I’m talking my “Agile Life” experiment where I use the Agile techniques in Scrum in my everyday life. Well, it doesn’t always work, so let’s talk failure – specifically something that went bad this Sprint of May.
As you know one of my goals for the May Sprint was to plot a new novel and write chapter 1. That has partially failed – which is a great time to examine what I did wrong and talk failure.
Agile methods are all about learning as opposed to shame. We all make mistakes, we all have discoveries of what we didn’t know, so the goal is to learn and adapt.
So first, let’s see what happened:
- I was going to start a new novel, “A Bridge To The Quiet Planet,” an SF/Fantasy mix.
- I was going to use a lot of the techniques I’d used before to write it – heavy setting detail, iterative plotting. Just on a larger scale.
- I found things not feeling “right.” The plot was stale, parts came and went, I didn’t feel I had a grasp on the story – I had about 60% of it but something felt off.
- After analysis I realized I didn’t have a good a grasp as I thought, it wasn’t quite “alive.” There were good parts – there were *great* parts. But it felt half-made.
So now the questions come in – “Why.”
There’s a great technique called “The Five Whys” that I learned – basically to solve a problem, ask why – and when you get an answer, ask why again. Soon you’ll get to the cause, part of the cause, or one of the causes.
- WHY did it feel wrong? Because it was. It was patchwork.
- WHY did it feel patchwork? Because some parts were far more fleshed-out than others and they conflicted due to that.
- WHY are they half fleshed-out? Because my designing was erratic.
- WHY was my designing erratic? Because I dived in and didn’t think of what I needed to do as a specific set of tasks.
- WHY did I do that? Because I didn’t think I’d need it, I’d just dive in as I’ve done this before.
I came to realize I got a bit arrogant. I’ve written and built worlds for 40 years. I’ve published books. I should be able to dive into this right because I’ve done so many similar things?
Yep, I should – if I had thought ahead. But I didn’t think about what was needed, didn’t look at my techniques, didn’t break down the work. If this had been a programming project, it’d be the Product Owner and an Engineer saying “hey, we know how to do this easy, so let’s just block out some time” without the Scrum Master saying “why do you think this doesn’t need the usual level of analysis?”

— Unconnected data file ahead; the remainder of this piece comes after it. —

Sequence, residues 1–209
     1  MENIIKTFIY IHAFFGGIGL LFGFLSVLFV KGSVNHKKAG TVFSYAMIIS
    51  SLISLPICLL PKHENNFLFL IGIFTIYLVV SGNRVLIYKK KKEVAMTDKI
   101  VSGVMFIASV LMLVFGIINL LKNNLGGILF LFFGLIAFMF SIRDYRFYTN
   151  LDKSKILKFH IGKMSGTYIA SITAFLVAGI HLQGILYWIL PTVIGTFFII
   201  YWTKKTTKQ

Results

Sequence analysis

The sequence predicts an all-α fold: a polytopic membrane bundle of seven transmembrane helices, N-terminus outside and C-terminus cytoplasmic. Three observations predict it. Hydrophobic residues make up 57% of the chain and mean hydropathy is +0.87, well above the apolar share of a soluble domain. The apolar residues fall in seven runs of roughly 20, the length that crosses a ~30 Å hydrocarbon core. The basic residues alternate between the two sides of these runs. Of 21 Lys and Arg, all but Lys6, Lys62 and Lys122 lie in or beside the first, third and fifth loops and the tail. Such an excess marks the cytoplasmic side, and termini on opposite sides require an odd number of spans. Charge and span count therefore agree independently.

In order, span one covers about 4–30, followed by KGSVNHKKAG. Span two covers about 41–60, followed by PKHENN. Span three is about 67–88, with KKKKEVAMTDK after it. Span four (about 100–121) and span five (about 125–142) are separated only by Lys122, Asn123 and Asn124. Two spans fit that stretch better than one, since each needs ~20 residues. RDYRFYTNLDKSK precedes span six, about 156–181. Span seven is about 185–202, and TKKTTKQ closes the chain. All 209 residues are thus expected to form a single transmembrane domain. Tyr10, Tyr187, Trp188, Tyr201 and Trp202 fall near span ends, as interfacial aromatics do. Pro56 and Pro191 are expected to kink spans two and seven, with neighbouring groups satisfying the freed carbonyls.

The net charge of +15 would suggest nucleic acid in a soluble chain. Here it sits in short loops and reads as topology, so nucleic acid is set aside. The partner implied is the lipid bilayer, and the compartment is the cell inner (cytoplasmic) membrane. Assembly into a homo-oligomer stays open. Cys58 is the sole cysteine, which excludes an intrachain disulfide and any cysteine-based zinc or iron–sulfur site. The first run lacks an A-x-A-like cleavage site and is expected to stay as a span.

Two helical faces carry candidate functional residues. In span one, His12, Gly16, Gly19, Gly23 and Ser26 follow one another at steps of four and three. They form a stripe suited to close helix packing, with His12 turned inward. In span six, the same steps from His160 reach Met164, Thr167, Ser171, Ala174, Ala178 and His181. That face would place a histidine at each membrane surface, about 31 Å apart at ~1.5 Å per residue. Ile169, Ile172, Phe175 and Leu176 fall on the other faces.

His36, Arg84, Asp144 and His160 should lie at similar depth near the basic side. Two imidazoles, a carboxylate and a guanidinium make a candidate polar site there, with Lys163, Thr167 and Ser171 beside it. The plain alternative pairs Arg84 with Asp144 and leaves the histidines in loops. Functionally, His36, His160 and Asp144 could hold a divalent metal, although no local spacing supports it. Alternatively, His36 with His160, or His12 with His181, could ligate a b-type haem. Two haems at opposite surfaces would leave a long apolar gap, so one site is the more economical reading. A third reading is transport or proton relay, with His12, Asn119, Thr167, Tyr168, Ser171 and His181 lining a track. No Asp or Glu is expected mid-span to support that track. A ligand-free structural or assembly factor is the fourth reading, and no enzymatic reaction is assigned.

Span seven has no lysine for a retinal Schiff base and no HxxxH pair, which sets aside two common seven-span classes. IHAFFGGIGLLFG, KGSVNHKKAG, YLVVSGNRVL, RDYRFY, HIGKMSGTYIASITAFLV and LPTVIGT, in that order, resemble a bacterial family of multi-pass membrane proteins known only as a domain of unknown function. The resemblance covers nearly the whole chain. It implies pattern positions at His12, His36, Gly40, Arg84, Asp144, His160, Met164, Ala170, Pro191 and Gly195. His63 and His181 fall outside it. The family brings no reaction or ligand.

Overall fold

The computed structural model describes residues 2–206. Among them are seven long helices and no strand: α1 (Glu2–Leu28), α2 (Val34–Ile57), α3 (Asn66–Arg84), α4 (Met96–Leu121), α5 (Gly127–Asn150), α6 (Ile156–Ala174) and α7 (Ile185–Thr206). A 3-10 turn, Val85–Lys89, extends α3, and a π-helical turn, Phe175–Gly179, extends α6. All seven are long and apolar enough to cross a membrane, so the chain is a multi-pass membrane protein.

What I should have done is use all my techniques and experience to design a better plan – how long it’d take for this tasks, what tasks were needed, and so on. It would have made me think, made me more aware of the work needed, and how that work tied together.
Lesson learned – in writing, like anything else, a good work breakdown is needed. Just because you might be able to do it “from the gut” is no reason not to think it over – especially when you’re getting back in the swing of things. Had this not been a novel but a shorter work I might not have caught this mistake.
Now of course after finding this the goal is to get back on track. How am I doing that?
- I will focus this month on plotting – any time meant for Chapter 1 now moves to plotting. That helps me get a timeframe. It’s still adding work to my sprint, so I may move out other plans – since getting this done is important, and spreading it out too much may mean it loses coherence.
- Writing is moving out by one month at least – maybe two. But I’ll try to do Chapter One next month and then slowly ramp up.
- To plot the book I am breaking it down into tasks required to get a full plot outline that I can write from. It’s really more of a product design process or a research task. I may write up more on that depending how it goes.
The story quality is already looking much better, and I learned something about my own creativity. Also the story may have a slightly off kilter Technomancer riding a motorcycle on top of a moving train, so there’s that.
A good lesson on many grounds.